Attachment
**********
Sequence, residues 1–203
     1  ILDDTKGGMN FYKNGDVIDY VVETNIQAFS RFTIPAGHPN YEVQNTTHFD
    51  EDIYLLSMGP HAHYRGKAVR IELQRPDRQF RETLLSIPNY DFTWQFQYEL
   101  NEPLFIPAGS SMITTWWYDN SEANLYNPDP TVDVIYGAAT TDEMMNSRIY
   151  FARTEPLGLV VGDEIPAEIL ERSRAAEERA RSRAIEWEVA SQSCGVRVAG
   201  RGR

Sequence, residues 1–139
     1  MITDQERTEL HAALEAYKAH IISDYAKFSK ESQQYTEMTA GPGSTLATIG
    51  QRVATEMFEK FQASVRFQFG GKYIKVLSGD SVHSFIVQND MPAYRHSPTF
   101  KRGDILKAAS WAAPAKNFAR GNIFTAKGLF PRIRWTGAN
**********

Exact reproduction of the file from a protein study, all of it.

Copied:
Sequence, residues 1–203
     1  ILDDTKGGMN FYKNGDVIDY VVETNIQAFS RFTIPAGHPN YEVQNTTHFD
    51  EDIYLLSMGP HAHYRGKAVR IELQRPDRQF RETLLSIPNY DFTWQFQYEL
   101  NEPLFIPAGS SMITTWWYDN SEANLYNPDP TVDVIYGAAT TDEMMNSRIY
   151  FARTEPLGLV VGDEIPAEIL ERSRAAEERA RSRAIEWEVA SQSCGVRVAG
   201  RGR

Sequence, residues 1–139
     1  MITDQERTEL HAALEAYKAH IISDYAKFSK ESQQYTEMTA GPGSTLATIG
    51  QRVATEMFEK FQASVRFQFG GKYIKVLSGD SVHSFIVQND MPAYRHSPTF
   101  KRGDILKAAS WAAPAKNFAR GNIFTAKGLF PRIRWTGAN